Song cycle on /Xam texts
for baritone, violin and percussion

This cycle of songs interspersed with instrumental movements and pre-recorded playbacks is based on texts reconstructed from the Bleek & Lloyd archive, a collection of phonetically transcribed and translated /Xam folklore, stories and ‘poems’ currently housed at the University of Cape Town. From the transcriptions collected between 1870 and 1875, I set four lyrical texts in response to a commission, which requested a piece for the three prize-winners of a competition held in Munich. The specific instrumentation of baritone, violin and percussion resulted form the jury’s choice of winners.

The existence of the Bleek collection is fairly common knowledge, but it is not generally known that it contains phonetic transcriptions of the documented conversations. These can in certain sense be seen as very early sound recordings and as such were for me the most fascinating aspect of the material: ‘tangible’ remnants of the now extinct aural tradition, ‘genuine’ representations of ancient material of a quality similar to that of the rock paintings, undisguised by subjective attempts at translations or interpretations.

My immediate impulse was thus to have the texts sung in their original language. But after a tenaciously pursued quest to find somebody sufficiently knowledgeable to appositely pronounce the phonetic shorthand, I was confronted with the finality of the notion of cultural extinction: there would never again be anybody to speak or understand /Xam. It was a shattering, experiential realization, far exceeding the mere knowledge of the historical facts. We tend to speak lightly of extinction, believing or hoping that it won’t concern us, yet its looming spectre in the wale of projected global warming has made it a buzz-word in the current ecological discourse. It is arguably the most final and imaginable tragic occurrence, dwarfing the notion of individual death. With respect to the mute phonetic transcription it has conveyed to me a most profound implication of ‘silence’.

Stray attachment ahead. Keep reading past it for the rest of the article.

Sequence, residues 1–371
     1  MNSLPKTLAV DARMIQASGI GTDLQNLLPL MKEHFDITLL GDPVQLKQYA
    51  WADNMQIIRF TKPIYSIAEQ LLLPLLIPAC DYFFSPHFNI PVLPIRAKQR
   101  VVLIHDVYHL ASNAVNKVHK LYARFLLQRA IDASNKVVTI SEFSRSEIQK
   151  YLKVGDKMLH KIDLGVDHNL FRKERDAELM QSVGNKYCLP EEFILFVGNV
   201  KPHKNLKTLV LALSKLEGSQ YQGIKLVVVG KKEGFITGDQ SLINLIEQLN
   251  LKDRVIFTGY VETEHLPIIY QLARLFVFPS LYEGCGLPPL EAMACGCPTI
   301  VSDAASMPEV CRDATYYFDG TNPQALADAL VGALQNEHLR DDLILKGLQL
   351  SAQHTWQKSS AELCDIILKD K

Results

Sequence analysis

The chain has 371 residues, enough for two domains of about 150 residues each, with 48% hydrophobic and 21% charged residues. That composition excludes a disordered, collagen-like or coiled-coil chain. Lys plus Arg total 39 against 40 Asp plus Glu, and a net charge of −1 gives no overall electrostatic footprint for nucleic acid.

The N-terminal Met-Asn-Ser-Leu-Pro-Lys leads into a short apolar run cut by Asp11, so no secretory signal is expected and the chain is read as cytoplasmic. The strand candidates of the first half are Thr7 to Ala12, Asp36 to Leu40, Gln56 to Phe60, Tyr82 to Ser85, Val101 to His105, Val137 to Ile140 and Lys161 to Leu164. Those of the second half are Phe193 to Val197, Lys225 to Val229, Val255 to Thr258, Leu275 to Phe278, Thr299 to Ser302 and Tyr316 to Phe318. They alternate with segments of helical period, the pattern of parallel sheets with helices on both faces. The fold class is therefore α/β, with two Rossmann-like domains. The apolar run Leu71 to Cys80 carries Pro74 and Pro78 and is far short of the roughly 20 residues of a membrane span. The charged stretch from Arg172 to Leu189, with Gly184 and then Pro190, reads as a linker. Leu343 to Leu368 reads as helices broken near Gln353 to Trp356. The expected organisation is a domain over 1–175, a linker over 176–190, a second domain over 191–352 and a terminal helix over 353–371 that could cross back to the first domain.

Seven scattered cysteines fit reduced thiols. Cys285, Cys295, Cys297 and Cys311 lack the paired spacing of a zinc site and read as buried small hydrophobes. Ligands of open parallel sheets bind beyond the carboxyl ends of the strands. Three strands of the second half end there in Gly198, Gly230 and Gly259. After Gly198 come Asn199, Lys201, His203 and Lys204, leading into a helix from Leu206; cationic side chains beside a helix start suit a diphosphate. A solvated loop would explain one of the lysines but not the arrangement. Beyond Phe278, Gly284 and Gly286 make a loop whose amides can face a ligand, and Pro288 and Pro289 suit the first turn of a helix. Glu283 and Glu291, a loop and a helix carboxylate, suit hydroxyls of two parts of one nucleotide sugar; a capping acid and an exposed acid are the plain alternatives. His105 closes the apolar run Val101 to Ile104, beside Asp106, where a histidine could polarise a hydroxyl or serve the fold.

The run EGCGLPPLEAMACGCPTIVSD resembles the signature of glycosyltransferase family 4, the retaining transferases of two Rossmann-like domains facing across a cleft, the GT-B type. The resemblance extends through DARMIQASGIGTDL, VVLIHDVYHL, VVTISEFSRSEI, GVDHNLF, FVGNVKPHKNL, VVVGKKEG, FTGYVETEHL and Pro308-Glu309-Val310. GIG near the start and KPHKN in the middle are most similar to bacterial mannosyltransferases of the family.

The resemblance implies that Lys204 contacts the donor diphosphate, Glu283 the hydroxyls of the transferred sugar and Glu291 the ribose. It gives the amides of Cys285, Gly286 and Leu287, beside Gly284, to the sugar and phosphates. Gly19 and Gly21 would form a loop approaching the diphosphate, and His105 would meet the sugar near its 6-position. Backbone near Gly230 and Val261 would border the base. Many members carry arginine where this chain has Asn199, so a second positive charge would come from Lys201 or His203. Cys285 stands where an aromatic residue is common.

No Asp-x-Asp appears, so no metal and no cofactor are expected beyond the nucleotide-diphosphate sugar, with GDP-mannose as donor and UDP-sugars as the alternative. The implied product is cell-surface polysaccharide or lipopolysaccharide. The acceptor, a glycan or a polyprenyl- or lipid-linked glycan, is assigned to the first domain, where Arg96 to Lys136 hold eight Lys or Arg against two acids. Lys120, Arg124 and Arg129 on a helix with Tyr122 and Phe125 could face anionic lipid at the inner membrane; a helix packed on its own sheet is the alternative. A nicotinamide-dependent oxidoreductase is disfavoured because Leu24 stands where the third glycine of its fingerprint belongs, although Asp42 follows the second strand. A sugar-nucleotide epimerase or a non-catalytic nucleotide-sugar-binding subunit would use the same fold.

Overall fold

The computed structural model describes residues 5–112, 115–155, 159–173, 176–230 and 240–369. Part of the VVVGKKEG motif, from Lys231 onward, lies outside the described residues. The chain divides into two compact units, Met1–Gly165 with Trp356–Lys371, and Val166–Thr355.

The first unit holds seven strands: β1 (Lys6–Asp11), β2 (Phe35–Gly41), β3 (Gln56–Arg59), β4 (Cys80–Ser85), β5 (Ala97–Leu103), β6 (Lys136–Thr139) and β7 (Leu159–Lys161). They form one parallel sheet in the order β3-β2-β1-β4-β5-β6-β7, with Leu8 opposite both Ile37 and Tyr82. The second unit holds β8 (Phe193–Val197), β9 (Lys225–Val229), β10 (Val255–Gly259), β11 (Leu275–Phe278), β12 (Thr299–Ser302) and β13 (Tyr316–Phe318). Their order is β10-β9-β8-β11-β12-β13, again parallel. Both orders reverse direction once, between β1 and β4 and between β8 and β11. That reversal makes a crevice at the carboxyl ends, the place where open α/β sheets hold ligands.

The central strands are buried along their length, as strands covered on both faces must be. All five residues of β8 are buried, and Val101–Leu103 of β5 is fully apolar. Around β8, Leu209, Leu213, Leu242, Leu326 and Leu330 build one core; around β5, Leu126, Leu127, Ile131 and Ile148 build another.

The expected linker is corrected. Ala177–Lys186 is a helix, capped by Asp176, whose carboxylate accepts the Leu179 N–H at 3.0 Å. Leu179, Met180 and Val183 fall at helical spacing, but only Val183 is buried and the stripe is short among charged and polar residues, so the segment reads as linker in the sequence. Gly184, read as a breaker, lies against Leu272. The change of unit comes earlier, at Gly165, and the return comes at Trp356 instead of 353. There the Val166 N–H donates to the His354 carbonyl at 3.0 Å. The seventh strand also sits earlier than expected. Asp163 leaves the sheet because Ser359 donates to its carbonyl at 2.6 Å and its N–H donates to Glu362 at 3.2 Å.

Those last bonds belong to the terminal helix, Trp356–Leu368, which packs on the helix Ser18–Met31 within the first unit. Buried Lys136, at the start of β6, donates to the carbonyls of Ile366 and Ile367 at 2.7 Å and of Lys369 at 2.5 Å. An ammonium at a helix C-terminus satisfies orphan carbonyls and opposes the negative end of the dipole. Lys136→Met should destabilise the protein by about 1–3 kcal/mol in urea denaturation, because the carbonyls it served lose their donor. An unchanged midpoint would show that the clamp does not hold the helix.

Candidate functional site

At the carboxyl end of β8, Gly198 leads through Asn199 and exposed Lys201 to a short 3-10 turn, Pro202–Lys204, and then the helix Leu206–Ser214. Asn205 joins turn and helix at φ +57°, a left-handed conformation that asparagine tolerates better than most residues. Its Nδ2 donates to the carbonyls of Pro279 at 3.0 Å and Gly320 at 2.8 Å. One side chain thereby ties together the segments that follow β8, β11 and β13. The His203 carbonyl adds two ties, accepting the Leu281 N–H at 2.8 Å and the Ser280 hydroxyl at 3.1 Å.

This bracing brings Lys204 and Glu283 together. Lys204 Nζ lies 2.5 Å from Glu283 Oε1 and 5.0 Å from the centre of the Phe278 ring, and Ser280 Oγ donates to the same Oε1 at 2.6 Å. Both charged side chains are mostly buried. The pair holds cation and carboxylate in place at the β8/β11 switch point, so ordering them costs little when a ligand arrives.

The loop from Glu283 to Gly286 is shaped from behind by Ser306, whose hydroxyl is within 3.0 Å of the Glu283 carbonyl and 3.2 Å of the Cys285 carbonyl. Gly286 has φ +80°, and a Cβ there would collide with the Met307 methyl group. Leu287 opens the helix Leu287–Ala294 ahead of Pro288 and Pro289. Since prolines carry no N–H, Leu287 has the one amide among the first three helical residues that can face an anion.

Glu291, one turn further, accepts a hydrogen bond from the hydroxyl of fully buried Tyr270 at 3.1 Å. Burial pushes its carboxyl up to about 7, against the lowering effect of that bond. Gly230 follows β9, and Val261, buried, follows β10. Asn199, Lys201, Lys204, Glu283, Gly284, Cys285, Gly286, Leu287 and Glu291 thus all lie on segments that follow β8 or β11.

I thus had to resort to set an English translation, using that of Stephen Watson as a point of departure. (Stephen’s poems had in the first place made me aware of the texts.) In order to not fully discard the original idea of the original sounding language, I persuaded Pedro Dâusab, a Nama speaker, to attempt an artificial rendition of two short text passages. Together with excerpts from field recordings of music by the Kalahari Bushmen compiled by John Brearly, they contribute to an occasionally added sonic backdrop to the performance – the attempt at reconstructing an ancient soundtrack for the landscape, which the composition wishes to evoke. For the rest the music operates with ‘dry’, ‘bony’ and ‘wooden’ sounds to explore the ‘brokenness’ of the deserted places, which //Kabbo mentions, to emanate the poetic manner in which the /Xam seemingly responded to their austere circumstances and ultimately to lament the now prevailing silence.

I gratefully acknowledge the following persons, who have all, in one way or another, assisted me during the process of this composition: Wilfried Hiller, Dr. Eckhard Klapp, Stephen Watson, Leslie Hart, Jerryl Klinghardt, Nigel Crawhall, Anthony Traill, Carine Rousset, Prof. J. Snyman, Prof. W. Haacke, Deidre Hansen, Pedro Dâusab and John Brearly. And of course //Kabbo, Han≠kass’o and Diä!kwain as well as William Bleek and Lucy Lloyd deserve a special word thanks!